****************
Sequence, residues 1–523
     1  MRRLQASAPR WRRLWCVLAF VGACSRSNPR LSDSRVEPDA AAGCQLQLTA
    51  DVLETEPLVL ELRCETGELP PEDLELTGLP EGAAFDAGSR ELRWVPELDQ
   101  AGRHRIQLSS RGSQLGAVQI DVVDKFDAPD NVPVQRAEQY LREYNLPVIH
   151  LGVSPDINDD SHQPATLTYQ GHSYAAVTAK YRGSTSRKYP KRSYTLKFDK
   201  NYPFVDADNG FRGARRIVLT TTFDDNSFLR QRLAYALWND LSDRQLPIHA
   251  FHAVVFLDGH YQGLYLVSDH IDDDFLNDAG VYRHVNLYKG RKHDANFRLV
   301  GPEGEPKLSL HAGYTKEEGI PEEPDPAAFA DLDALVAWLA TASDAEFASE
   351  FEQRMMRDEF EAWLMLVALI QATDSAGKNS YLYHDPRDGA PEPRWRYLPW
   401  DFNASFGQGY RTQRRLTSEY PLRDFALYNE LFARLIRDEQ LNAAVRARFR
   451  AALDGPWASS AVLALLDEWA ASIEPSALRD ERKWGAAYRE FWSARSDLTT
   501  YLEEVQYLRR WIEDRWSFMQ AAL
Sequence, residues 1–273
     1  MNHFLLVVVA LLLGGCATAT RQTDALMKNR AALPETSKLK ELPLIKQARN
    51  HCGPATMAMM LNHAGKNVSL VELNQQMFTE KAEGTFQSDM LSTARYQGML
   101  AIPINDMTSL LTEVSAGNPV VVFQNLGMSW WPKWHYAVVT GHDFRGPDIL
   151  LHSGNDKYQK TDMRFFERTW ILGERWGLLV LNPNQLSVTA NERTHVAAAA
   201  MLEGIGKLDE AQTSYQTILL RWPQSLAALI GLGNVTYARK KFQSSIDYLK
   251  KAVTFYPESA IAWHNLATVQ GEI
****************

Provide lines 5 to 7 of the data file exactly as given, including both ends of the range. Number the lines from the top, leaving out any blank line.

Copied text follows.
   151  LGVSPDINDD SHQPATLTYQ GHSYAAVTAK YRGSTSRKYP KRSYTLKFDK
   201  NYPFVDADNG FRGARRIVLT TTFDDNSFLR QRLAYALWND LSDRQLPIHA
   251  FHAVVFLDGH YQGLYLVSDH IDDDFLNDAG VYRHVNLYKG RKHDANFRLV